5) 12:30 P.M. EDIBLE ART

For one of the cheapest upscale lunches you’ll ever have, head to the Pintar Materiais Artísticos, an art supply store (you read that right) in the Pompeia neighborhood. In an awkward L-shaped space shoehorned into the shop is Petí Gastronomia, with ever-changing prix fixe menus of “democratized” contemporary cuisine from the lauded chef Victor Dimitrow. But Petí’s real hero may be its accountant: Just 47.50 reais will get you three courses of, say, octopus carpaccio, pork rib with mole poblano, and “cacao four ways” for dessert. Creative drinks come with poems handwritten on their coasters, courtesy of the wait staff. If there’s a line, browse the shelves of art books by or about Latin American artists.

A dance school brings teachers outside, inviting commuters to the downtown area to join them.CreditDado Galdieri for The New York Times


São Paulo’s world-renowned street art is everywhere, but most visitors just head to Batman Alley, a traffic-free tangle of passages covered in wildly creative works and surrounded by upscale cafes and galleries in Vila Madalena. A tour with the guide Renato Goes takes you there first, and then to the Outdoor Museum of Urban Art — where works are spray-painted onto the pylons under an elevated subway line — and downtown, where creations cover entire sides of buildings. Don’t be surprised if there’s a detour: Mr. Goes follows São Paulo’s best on Instagram, so you never know when you’ll stop on the side of the highway to admire work done the night before. Booked through Around SP, a three-hour tour is 490 reais and up.


When northeastern migrants came to São Paulo last century, they brought their down-home cooking with them: dried meats, a rice and beans dish called baião a dois and tapioca in countless forms. You can find all three at the unpretentiously stylish Fitó, which serves food inspired by the cuisine of Piauí state. Especially worth your stomach real estate is the paçoca, a mix of manioc flour with shredded carne de sol (beef cured for three days, though no longer in the sun as its name implies). A meal for two with drinks will run you around 100 reais.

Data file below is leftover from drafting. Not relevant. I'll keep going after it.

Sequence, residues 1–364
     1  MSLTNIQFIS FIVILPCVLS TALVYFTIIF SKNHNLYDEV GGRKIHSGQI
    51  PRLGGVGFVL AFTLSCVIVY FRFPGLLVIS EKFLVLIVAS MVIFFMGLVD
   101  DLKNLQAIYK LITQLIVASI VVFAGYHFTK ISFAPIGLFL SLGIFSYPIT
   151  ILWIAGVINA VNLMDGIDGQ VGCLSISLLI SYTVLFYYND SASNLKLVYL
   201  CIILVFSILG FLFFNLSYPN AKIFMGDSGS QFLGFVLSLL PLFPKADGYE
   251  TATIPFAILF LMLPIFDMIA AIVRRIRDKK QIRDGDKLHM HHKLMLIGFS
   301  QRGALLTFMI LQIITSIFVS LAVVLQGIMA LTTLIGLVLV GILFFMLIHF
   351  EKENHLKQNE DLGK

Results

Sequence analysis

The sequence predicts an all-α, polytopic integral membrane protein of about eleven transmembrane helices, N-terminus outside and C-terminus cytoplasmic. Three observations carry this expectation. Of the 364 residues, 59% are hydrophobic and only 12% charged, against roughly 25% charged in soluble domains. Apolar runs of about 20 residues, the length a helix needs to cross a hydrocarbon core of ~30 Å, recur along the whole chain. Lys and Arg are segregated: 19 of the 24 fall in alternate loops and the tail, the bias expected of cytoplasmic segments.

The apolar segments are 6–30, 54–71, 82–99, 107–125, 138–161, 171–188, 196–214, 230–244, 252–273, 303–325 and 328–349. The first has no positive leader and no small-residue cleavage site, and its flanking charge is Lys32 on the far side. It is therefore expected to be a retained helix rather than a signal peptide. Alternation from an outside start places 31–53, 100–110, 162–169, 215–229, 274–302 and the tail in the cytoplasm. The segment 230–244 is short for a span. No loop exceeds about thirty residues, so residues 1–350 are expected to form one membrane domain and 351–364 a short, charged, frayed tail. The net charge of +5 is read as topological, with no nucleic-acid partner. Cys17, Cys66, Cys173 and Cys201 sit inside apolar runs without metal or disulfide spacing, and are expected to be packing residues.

Brazil’s Arab roots run deep — two of São Paulo’s last three mayors are of Lebanese descent — but most families arrived generations ago. Al Janiah is a rare nightspot and restaurant staffed by recent immigrants, largely Syrian refugees. The owner, Hasan Zarif, a native Brazilian born to Palestinian refugee parents, meant the place to be a bar and restaurant but it has morphed into a community center as well, with book launches and Arabic classes. Weekends, though, are all about night life, with live bands and a distinctly underground student vibe. And hummus, incredible hummus. The Palestina Libre cocktail (25 reais) is a delicious mix of anise-flavored arak, zaatar, mild biquino peppers, lime, mint and cachaça. If the cocktail’s (or the bar’s) politics bother you, well, as a sign on the wall reads, “A vida transtorna” — life unsettles, life perplexes, life agitates.

The São Paulo skyline.CreditDado Galdieri for The New York Times



Avoid newfangled brunch spots, and have an authentic Sunday morning meal at a padoca, slang for bakery. But a padoca is hardly just a bakery — it’s a full-service restaurant that is also part diner and part deli; every neighborhood has one, just ask around. For the truly local experience, order pão na chapa, buttered and grilled halves of the buns Brazilians call French bread, with a pingado — strong coffee with a little milk — and maybe an astonishingly cheap fresh-squeezed orange juice. There’s no shame in taking a dive into the pastries behind the counter (not literally, though you’ll be tempted) or ordering an omelet. Just don’t call it brunch.


On Sundays, Paulista Avenue is closed to traffic and taken over by pedestrians and cyclists. You could entertain yourself wandering from political demonstration to street performer to craft vendor to Beatles cover band, but even better is to culture hop among the institutions lining the city’s main drag. There’s the brutalist Museu de Arte de São Paulo and the shiny new Japan House, but the highlight these days is IMS Paulista, a new branch of the Instituto Moreira Salles, where wide-ranging, innovative exhibitions appeal equally to art aficionados and those who just like looking at pictures.


With São Paulo’s limited subway system and clogged highways, nothing is more important than location. Avoid straying too far from Paulista Avenue, where you’ll find plenty of choices. Those seeking an upscale experience will be happy in the leather-upholstered luxury of the Fasano São Paulo, where doubles start around 1,700 reais. Pousadas, or inns, are usually found in smaller towns, but Pousada Ziláh has six rooms in a 1932 house that aches with understated charm, a mere 10-minute walk from the bustle (and subway) of Paulista Avenue. Five of the six have outdoor balconies or terraces, and start at 345 reais. To be closer to the downtown excitement, a good budget choice is 155 Hotel near skateboarder-filled, alternative theater-bordered Praça Roosevelt. Doubles start at 150 reais.